How many ISAs can you have open at any one time?

You can only open and pay into one of each type of ISA each year. For instance, you could do this with your whole allowance (although adapt to your own budget):

Type of ISA Yearly savings
Stocks and Shares ISA £10,000
Cash ISA £6,000
Lifetime ISA £4,000
Total £20,000

You just couldn’t pay into 2 different Cash ISAs, or 2 different Stocks and Shares ISAs within the same year.

Are ISAs safe?

Yes, ISAs can be a very safe way to save.

They are covered by something called the Financial Services Compensation Scheme (FSCS). That’s a scheme that guarantees your savings up to £85,000 per ISA provider. So, should anything happen to the company managing your ISA, and they go out of business, your money is still protected and you’ll get it back. If you have more than £85,000, you could spread it across several ISA providers if you wanted to be super safe.

And if you’re worried about Stocks and Shares ISAs – don’t be! You might be unfamiliar or nervous about investing your money, but it’s in safe hands. Experts manage everything for you and they know what they’re doing, your money will grow over time. You may find your money falls initially, but don’t panic, investing is for the medium-to-long term, and it will grow over time.

Can you keep an ISA if you move abroad?

You have to be a UK resident to open an ISA. If you open one in the UK then move abroad, you can’t put any more money in after the tax year that you move. You must also tell your ISA provider as soon as you’re no longer a UK resident.

The only exception is if you’re a Crown employee working overseas (such as a member of the UK armed forces, a civil servant, or a diplomat), or their spouse or civil partner.

But, moving abroad doesn’t mean you need to close your ISA. You can keep it open and enjoy UK tax relief on the money already held in it.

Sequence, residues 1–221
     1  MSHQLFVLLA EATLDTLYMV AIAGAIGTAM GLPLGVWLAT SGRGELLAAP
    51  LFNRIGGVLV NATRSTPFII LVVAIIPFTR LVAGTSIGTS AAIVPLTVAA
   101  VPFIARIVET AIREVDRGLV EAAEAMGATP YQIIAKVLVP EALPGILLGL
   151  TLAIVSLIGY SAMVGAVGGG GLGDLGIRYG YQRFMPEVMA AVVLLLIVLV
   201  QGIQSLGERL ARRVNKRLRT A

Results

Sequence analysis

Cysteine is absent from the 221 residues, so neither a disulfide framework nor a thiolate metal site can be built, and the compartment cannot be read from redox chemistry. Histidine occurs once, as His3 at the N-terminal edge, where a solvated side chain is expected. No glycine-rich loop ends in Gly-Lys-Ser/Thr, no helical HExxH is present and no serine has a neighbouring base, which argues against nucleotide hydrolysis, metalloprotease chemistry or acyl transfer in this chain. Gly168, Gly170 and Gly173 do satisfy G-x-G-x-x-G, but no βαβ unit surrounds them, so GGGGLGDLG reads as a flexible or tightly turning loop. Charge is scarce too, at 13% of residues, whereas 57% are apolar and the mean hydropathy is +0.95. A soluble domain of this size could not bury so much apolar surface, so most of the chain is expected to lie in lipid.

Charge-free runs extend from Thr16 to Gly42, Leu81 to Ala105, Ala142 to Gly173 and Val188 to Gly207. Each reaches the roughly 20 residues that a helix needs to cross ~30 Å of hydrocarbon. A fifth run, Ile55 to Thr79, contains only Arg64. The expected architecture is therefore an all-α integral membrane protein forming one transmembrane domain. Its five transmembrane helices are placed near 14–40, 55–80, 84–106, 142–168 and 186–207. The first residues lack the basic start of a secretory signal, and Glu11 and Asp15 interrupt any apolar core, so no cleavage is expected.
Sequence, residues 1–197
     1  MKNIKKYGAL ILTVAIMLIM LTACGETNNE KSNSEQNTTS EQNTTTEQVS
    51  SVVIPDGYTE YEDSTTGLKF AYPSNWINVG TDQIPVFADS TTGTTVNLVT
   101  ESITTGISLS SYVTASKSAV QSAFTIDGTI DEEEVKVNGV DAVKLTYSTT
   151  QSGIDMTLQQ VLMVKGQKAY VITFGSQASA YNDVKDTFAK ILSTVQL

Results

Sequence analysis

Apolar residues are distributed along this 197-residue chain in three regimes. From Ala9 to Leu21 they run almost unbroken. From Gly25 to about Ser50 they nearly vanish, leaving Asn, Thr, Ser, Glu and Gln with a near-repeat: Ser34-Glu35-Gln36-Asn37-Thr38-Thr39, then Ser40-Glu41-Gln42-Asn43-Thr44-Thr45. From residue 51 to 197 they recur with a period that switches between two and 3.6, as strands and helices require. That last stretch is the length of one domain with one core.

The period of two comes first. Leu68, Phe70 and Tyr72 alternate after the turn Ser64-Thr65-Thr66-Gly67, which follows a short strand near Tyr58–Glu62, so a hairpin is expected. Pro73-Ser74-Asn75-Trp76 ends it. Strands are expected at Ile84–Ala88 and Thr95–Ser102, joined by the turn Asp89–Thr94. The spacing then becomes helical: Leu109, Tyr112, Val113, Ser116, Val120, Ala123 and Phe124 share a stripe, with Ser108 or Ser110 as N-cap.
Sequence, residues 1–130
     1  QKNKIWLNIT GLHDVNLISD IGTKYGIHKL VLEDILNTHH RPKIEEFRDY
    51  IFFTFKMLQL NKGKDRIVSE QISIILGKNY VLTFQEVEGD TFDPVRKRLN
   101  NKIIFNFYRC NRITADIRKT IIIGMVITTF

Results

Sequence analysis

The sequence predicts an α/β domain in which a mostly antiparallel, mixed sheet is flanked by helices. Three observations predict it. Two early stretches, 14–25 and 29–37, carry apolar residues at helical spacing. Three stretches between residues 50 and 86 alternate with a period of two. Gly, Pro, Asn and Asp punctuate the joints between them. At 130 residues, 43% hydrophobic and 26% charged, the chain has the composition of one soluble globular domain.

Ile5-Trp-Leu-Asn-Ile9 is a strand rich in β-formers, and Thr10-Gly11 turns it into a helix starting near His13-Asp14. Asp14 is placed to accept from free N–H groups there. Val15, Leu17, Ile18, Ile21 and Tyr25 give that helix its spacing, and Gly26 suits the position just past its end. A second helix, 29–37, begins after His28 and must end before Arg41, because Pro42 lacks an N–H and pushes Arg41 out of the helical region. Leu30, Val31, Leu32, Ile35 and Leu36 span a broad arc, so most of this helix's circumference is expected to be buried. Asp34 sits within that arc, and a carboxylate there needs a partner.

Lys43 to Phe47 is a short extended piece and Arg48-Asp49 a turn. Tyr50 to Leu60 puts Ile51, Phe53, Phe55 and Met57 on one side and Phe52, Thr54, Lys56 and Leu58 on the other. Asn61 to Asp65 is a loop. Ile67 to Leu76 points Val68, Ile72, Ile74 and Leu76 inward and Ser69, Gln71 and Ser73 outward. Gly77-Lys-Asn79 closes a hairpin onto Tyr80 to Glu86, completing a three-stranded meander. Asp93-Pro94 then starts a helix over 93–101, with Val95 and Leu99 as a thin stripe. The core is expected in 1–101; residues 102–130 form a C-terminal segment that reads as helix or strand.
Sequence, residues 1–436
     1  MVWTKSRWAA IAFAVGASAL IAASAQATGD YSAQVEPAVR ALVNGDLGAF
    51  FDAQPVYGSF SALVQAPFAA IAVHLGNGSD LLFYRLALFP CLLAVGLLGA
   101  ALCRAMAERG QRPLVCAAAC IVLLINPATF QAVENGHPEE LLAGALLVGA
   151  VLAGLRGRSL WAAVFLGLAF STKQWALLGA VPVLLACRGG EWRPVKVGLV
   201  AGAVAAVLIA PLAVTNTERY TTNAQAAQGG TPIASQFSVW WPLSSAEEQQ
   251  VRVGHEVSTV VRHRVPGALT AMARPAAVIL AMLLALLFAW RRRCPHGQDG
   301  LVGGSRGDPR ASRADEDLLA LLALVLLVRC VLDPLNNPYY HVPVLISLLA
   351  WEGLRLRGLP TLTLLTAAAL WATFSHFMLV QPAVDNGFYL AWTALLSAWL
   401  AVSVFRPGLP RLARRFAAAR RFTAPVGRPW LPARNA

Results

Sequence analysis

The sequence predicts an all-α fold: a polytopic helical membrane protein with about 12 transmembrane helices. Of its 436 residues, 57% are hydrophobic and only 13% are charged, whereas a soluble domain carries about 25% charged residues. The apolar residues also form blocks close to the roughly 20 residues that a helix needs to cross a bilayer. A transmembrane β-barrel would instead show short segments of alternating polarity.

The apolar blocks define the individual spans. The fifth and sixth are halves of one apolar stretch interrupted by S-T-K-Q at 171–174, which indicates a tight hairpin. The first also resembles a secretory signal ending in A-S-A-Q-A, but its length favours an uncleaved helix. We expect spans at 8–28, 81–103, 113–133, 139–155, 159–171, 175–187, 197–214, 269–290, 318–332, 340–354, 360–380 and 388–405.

What happens to your ISA when you die? 

We don’t mean to bring you down, but you know what they say about death and taxes – the only 2 things you can be sure of!

If you die, the value of your ISA can be passed onto your spouse or civil partner — but there are a few rules when it comes to ISA inheritance.

  • You and your partner need to have been living together at the time of death.
  • You can’t be separated by court order, deed of separation, or in circumstances where the marriage or civil partnership has broken down.
What happens to your ISA when you die?

If you have a Stocks & Shares ISA, your ISA provider can be instructed to either:

  • Sell the investments and pay the money to your family, or
  • Transfer the investments to your spouse or civil partner’s ISA (as long as they have the same ISA provider as you).

If you want to learn more, we’ve written an article specifically for what happens to your ISA when you die.

Let’s recap

You’ve got some pretty good savings options with ISA – Cash ISAs, Stocks and Shares ISA, Innovative Finance ISAs, and Lifetime ISAs for yourself. And a Junior ISA for your kids. They can even be an ethical ISA too.

If you’re looking to grow your money (A lot), check out Stocks and Shares ISAs – over the medium-to-long term these are your best option – you’ll be thanking us later!

If you’re looking to save money in the short term, perhaps saving for a new car, or would like to build up an emergency fund, then check out Cash ISAs. You'll only get a low interest rate for now, but it’s better than keeping money under your bed.

If you’re looking to buy your first home soon, check out a Lifetime ISA, these can be either a Stocks and Shares Lifetime ISA or a Cash Lifetime ISA, and you get a free 25% bonus from the Government to help towards saving for a deposit.

And best of all, everything you make within an ISA is completely tax-free! Why not start saving today?

Find the best place to save with our best investment platforms UK and our guide to investing for beginners UK.

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This article was written by the team at Nuts About Money, and fact-checked by 2 independent reviewers. You’re in safe hands.